We have ‘enjoyed’ wonderful wet weather over the last few days and when it wasn’t raining it was windy. That meant that although the sun might have been shining it was uncomfortable to sit outside unless sheltered from the wind. That is a problem we sometimes face at home when out on the patio when it is windy. There are large gaps between our house and the houses of our neighbours but the larger of the two is the one facing our patio. The gap is only a few degrees south of being due west and the prevailing winds are from that direction. The gap is filled at low-level by a garage, this garage.We are working to solve the problem so that the effect of the wind is lessened. I hasten to say that it isn’t windy every day and neither does the wind always blow through the gap. Often the high wall shown on the right of the picture shields the patio from the wind. I planted some Laurel on the outside of the patio which faces the garage and once it has grown sufficiently high enough it should cut down the effect of the wind dramatically whilst at the same time make the view more pleasing to the eye. Already that Laurel is approaching a half-metre in height above the little wall, though in this picture taken earlier in the season it is slightly shorter in height. It all takes time of course. In the meantime I am considering installing a half-metre high glass balustrade on top of the patio walls which will also help in reducing the effect of the wind. We have a window in the wet room which overlooks the vegetable plot, the area between the patio and the garage, part of which is shown in the picture above. To the left of the gooseberry bushes (on the left-hand-side of the picture) there is no cultivation going on except there are persistent weeds which I keep in check and the area has become more of a dumping ground for gardening odds-and-ends, bags of rubble, roots dug out from the mound project (see last year-June/July posts) some of the rocks we dug out too, though most of those which we haven’t used elsewhere are stored behind the other garage as you can see in the next two pictures.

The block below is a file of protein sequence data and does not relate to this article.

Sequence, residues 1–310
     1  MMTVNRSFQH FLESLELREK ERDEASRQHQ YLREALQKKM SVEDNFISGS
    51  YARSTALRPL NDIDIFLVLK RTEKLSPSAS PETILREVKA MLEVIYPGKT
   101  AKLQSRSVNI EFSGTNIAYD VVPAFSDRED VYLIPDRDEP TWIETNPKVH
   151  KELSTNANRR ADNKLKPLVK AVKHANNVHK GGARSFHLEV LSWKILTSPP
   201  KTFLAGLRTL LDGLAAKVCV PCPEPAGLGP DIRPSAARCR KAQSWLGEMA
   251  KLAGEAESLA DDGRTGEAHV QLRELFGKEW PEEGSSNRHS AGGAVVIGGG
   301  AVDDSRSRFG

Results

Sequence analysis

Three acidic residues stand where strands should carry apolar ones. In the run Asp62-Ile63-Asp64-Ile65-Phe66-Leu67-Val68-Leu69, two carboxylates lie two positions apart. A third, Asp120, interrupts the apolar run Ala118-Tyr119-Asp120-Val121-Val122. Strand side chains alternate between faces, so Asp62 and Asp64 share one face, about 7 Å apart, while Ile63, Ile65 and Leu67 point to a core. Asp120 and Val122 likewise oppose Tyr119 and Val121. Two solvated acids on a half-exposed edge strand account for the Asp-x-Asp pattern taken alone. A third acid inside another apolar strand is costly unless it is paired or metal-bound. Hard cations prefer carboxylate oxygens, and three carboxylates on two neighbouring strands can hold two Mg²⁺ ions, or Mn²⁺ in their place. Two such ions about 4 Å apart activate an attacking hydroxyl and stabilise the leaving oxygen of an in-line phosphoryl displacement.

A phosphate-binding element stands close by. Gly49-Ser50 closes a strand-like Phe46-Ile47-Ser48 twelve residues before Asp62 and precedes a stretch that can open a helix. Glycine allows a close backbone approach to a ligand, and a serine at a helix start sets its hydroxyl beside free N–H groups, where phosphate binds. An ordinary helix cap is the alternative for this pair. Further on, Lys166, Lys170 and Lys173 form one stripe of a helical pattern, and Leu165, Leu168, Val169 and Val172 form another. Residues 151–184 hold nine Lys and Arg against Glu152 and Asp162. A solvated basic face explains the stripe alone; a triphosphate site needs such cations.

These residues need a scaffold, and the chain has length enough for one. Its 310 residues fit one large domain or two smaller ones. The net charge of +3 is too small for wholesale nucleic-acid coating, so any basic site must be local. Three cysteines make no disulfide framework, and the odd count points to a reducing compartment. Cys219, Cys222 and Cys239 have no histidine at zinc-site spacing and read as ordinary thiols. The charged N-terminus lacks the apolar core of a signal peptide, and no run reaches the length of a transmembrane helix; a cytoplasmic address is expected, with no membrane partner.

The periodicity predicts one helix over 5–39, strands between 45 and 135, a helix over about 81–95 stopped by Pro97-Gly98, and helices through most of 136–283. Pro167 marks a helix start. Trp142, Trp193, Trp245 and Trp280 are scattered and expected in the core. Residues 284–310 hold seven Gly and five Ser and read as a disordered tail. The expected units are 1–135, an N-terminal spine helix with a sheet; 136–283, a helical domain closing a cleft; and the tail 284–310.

Anyway I was looking out of the window early on Sunday afternoon at the vegetable plot and patio and I could also see part of my next-door neighbour’s garden over the wall. She has a couple of very large Leylandii trees which are thankfully remote from the boundary wall. She had many large similar trees cut down last year and this year and her gardens look all the better for it but these two trees remain in her rear garden and the ground beneath them is always dry even when it rains heavily. I was watching some blue-tits darting in and around those trees and occasionally perching on a more open-leafed tree nearby taking not the slightest notice of the heavy rainfall. ‘Rain, what rain’? Is what I imagined they would be saying if they could speak. Rain might be a miserable thing for us to bear (though I am not too bothered by it) but for the birds, some birds, it doesn’t seem to be a problem.